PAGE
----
Minnesotaâ€™s the land of 10,000 lakes, and included in that number is the largest number of tullibee lakes in the country. Never heard of a tullibee lake? Youâ€™re not alone, but these lakes, categorized by a specific type of fish that is found in their waters, are one of stateâ€™s most incredible and undervalued resources. Read more about how state agencies, local government, and private landowners are protecting the tullibee.
Invasive species are a very real threat, impacting both the economy and local ecology. The truth is invasive species are everywhere, including your backyard. Across Minnesota, Cooperative Weed Management Areas (CWMAs) combine the efforts of federal, state and local agencies with non-profits and private landowners to monitor, treat and increase awareness of invasive weeds. In west-central Minnesota, that work is paying off. Read about the CWMA's cooperative efforts.
People take fishing seriously in Carver County, and Laketown Townshipâ€™s Reitz Lake is a local favorite. Water quality studies over the course of two decades indicated a rising problem, though: excessive nutrients. In 2002, the lake was listed as impaired. Local government and private landowners are joining forces to take action. Learn more about their efforts here.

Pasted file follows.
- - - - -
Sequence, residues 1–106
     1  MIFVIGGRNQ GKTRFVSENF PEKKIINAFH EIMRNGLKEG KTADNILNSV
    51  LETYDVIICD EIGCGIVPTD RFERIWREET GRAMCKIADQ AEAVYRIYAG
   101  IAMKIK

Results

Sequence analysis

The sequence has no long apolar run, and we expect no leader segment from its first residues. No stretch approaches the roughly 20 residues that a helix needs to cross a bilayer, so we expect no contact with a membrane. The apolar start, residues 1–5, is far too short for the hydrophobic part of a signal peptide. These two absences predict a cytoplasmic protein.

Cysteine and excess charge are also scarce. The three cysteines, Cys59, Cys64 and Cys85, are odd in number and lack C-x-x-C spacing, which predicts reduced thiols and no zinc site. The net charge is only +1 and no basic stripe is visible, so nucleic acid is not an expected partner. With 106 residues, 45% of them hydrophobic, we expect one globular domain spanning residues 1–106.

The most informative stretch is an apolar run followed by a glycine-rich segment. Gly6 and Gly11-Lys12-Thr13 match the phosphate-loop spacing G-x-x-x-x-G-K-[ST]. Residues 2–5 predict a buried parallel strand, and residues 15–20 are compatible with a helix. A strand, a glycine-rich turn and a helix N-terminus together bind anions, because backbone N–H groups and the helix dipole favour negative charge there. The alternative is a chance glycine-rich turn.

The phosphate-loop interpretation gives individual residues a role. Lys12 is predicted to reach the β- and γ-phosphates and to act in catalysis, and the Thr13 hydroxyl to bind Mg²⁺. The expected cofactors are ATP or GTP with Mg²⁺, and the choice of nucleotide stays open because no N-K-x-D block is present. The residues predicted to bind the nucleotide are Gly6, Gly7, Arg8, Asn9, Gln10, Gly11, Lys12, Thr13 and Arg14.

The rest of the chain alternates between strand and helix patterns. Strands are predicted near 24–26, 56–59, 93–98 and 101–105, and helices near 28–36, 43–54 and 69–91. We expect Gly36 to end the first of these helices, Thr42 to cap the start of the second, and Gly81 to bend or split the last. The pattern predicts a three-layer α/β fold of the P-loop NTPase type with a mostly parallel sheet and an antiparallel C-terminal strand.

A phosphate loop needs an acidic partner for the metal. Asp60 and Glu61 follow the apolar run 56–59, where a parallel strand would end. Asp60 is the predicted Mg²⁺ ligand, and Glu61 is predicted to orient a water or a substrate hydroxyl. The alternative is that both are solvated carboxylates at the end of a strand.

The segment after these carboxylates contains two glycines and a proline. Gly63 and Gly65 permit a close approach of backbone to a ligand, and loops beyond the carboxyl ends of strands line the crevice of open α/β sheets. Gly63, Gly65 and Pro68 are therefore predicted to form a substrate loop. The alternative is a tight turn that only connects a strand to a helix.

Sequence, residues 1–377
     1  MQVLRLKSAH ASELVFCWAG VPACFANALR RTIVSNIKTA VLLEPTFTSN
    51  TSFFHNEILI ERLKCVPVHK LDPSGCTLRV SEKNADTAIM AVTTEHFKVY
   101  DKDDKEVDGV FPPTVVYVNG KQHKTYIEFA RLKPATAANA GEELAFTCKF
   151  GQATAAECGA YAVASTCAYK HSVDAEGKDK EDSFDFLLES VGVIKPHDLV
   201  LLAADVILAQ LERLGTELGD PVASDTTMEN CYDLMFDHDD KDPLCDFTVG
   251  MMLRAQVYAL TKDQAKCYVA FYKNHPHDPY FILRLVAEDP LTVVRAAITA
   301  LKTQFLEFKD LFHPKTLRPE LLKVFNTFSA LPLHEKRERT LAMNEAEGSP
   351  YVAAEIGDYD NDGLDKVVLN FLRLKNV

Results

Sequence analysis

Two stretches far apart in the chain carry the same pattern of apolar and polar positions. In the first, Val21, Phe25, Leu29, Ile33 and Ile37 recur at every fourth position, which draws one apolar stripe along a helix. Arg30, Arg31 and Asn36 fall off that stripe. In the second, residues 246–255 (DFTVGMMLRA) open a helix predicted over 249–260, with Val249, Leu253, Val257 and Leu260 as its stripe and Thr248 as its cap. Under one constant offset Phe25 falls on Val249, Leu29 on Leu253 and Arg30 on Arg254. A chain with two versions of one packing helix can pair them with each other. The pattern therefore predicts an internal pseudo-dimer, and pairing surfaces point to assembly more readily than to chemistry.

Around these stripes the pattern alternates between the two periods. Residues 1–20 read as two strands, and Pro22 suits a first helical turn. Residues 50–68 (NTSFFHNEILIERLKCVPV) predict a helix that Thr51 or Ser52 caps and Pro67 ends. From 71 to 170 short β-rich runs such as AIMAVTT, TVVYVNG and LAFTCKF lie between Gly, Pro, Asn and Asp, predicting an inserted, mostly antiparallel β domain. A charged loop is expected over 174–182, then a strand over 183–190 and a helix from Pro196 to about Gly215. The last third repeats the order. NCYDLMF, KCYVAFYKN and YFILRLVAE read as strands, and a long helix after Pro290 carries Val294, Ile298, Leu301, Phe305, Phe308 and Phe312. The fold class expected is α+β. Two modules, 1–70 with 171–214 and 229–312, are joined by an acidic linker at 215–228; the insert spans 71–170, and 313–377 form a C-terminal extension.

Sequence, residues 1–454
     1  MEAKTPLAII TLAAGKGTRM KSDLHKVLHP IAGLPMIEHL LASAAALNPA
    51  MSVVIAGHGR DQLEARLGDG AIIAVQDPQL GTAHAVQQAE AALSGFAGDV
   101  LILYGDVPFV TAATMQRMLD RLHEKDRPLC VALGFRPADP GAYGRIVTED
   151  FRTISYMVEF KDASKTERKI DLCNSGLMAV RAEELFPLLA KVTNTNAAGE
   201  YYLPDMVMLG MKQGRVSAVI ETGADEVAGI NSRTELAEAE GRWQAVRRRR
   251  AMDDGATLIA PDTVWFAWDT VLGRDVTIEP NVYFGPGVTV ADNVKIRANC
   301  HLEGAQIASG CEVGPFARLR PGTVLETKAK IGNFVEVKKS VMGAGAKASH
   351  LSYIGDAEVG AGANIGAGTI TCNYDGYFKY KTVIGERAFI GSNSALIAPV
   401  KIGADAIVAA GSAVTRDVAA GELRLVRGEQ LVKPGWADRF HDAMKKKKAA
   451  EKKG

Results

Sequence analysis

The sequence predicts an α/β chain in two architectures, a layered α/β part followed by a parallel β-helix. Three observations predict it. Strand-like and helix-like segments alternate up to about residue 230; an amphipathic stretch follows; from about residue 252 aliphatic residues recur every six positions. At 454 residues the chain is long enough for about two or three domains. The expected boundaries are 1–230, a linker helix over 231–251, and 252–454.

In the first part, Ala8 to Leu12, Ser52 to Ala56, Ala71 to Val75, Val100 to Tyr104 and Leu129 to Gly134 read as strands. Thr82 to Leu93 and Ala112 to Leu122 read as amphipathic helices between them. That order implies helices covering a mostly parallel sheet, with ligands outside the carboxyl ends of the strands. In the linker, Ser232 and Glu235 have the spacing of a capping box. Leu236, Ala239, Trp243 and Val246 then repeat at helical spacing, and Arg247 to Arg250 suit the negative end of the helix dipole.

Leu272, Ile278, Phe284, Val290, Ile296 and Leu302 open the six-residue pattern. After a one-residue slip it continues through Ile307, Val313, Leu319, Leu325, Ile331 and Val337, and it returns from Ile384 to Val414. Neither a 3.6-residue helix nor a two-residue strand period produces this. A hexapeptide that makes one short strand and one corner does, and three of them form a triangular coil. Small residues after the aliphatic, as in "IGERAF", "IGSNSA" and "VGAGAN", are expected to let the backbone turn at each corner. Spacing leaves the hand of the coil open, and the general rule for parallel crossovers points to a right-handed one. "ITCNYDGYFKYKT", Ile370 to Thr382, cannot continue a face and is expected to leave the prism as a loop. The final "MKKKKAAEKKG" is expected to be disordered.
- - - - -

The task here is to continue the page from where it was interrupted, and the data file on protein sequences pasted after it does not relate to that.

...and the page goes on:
When it comes to establishing conservation practices and wildlife habitat on private lands, Minnesota landowners have many choices. Helping landowners understand those options and make the best choice is the primary objective of the Farm Bill Assistance Partnership. Find out more about how this outreach is making a difference here.
The Minnesota Legislature officially adjourned its 2013-2014 Session on Friday, May 16. A lot of work was packed into a short amount of time. Click here for the latest on BWSR's session highlights.
With dense flower spikes of dark blue flowers, blue lobelia adds color and diversity to a wide range of moist habitats. The tubular flowers are an excellent pollen and nectar source for butterflies, bumblebees, long-tongued bees and occasionally for hummingbirds. Click here to learn more.